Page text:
Plaintiff's argument in this case is that, because his Vermont sentence is concurrent to the Massachusetts sentence, the two must first be aggregated as though they were imposed simultaneously, and, then, he should receive credit for time served in relation to any of the concurrent sentences as against the total effective sentence. He claims a right to all time served on the Massachusetts sentence (dating back to 2003) as against the later-imposed Vermont sentence, including all such time before the two potentially overlapped in any way. He claims that Vermont Supreme Court decisions and Serre require credit to be applied to concurrent sentences in this manner even for periods in which those sentences were not actually "concurrent."

3. Analysis

Plaintiff asserts that the outcome he seeks in this case is required by State v. Blondin, 164 Vt. 55 (1995), and State v. LeClair, 2013 VT 114, 195 Vt. 295. But, the analysis that would support it, if extended to apply to out-of-state sentences, appears only in one trial court decision, Serre.

In Serre, the plaintiff served time on his original Vermont sentence and was subsequently released on probation. While on probation, he was charged with obstruction of justice and several counts for violations of probation and conditions of release. He was subsequently sentenced on the later charges, which were to run concurrent to the original sentence, with credit for time served as required by law. The DOC gave the plaintiff credit for being held 28 days prior to the second sentencing on all sentences (the time during which his custody, in effect, overlapped with both sentences). It did not give him credit on the later sentence for the time served on the original sentence before he began probation.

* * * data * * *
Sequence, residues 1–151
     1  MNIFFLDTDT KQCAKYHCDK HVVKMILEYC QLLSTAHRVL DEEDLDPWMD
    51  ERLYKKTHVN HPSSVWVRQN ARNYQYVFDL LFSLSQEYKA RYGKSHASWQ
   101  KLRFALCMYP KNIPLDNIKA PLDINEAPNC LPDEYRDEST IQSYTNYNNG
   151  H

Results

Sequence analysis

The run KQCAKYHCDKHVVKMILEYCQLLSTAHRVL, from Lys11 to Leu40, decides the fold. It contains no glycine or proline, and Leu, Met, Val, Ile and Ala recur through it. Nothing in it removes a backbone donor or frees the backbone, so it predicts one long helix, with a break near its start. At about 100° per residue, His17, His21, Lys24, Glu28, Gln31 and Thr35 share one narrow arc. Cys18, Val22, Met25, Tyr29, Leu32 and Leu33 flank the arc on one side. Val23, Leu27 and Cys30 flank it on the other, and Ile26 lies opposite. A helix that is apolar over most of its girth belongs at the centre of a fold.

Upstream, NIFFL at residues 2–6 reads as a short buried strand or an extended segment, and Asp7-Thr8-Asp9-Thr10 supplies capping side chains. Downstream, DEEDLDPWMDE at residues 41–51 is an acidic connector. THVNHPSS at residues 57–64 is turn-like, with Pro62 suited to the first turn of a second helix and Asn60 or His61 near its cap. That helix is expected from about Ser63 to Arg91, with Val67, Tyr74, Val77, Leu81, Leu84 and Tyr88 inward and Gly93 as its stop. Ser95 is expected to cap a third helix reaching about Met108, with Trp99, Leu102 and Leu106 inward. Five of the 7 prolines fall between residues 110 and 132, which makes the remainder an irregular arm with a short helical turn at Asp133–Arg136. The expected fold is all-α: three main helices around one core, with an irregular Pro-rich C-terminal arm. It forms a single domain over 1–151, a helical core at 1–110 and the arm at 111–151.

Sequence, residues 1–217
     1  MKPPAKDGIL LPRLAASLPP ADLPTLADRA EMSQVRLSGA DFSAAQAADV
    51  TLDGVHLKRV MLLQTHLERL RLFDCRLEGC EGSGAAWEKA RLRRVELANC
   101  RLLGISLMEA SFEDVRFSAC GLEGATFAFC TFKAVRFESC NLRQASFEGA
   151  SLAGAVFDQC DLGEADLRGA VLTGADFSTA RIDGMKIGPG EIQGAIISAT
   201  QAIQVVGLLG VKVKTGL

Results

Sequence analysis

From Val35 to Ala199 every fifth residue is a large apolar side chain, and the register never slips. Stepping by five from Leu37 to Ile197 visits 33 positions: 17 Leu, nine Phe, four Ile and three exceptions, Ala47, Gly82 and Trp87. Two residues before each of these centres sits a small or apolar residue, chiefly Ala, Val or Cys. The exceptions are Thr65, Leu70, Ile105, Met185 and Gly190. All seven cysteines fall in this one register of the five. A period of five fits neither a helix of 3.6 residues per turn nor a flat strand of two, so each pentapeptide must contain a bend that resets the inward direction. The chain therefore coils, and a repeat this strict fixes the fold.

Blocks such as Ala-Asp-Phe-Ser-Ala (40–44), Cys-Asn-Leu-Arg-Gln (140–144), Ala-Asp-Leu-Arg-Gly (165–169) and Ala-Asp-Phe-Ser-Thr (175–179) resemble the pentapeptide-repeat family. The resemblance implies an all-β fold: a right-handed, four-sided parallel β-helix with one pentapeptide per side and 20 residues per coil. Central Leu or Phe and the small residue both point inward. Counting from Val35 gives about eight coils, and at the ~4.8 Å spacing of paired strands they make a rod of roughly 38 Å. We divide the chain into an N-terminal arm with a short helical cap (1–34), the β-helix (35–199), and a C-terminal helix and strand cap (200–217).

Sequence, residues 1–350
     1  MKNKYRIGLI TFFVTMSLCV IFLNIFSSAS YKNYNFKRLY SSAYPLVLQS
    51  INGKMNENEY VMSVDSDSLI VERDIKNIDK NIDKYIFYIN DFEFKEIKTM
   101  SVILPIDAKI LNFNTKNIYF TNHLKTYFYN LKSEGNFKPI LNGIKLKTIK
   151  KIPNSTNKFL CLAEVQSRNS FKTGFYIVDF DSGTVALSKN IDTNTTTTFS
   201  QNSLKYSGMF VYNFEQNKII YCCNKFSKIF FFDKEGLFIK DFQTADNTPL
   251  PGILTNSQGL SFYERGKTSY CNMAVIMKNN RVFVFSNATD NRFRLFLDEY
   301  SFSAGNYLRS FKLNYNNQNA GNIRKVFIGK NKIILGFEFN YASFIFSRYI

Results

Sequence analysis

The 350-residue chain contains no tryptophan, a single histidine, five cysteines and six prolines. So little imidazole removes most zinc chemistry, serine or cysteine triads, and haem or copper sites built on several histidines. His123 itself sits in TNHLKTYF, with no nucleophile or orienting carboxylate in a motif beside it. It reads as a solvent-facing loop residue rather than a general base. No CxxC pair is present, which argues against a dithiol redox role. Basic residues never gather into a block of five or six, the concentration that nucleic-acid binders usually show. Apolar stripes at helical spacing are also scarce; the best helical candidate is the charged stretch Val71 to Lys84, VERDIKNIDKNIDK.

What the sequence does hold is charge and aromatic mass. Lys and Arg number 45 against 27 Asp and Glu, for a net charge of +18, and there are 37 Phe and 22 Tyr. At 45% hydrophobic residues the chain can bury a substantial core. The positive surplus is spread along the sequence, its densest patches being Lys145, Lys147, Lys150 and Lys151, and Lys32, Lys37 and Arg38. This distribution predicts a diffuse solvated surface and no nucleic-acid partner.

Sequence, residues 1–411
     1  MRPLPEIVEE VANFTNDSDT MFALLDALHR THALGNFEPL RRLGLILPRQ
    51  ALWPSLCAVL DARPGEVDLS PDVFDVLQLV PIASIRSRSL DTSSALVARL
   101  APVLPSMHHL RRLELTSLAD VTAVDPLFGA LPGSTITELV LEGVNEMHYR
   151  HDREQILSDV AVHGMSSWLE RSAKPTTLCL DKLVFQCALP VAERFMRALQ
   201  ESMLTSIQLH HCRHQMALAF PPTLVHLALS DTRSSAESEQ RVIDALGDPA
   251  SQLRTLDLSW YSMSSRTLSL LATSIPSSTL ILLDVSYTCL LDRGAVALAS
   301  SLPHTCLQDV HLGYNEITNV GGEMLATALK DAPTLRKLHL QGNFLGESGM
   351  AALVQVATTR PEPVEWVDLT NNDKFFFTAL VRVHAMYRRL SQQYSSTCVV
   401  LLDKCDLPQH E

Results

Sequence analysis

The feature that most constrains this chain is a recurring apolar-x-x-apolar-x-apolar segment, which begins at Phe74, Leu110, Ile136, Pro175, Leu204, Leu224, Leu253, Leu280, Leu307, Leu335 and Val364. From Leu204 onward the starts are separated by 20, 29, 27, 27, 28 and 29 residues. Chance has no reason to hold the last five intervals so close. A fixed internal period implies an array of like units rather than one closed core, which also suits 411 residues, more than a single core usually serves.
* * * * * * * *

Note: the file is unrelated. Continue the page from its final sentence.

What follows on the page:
The Serre Court determined that, because all of the sentences were concurrent, the DOC should have first calculated an effective sentence based on the fiction that no time had been served on any sentence. It then should deduct all time served on any sentence, no matter when it occurred in relation to any of the component sentences, from that fictitious effective sentence. Thus, while there was no conceivable way that time served on the earlier-imposed sentence prior to probation overlapped with time served on the later-imposed sentence, this made no difference. Serre stands for the proposition that concurrence should relate back to the inception of the earliest imposed concurrent sentence no matter when the component sentences were imposed or the time was served. This is what Plaintiff wants the Court to do in this case, albeit with a twist: here, the earlier sentence was imposed by a different sovereign.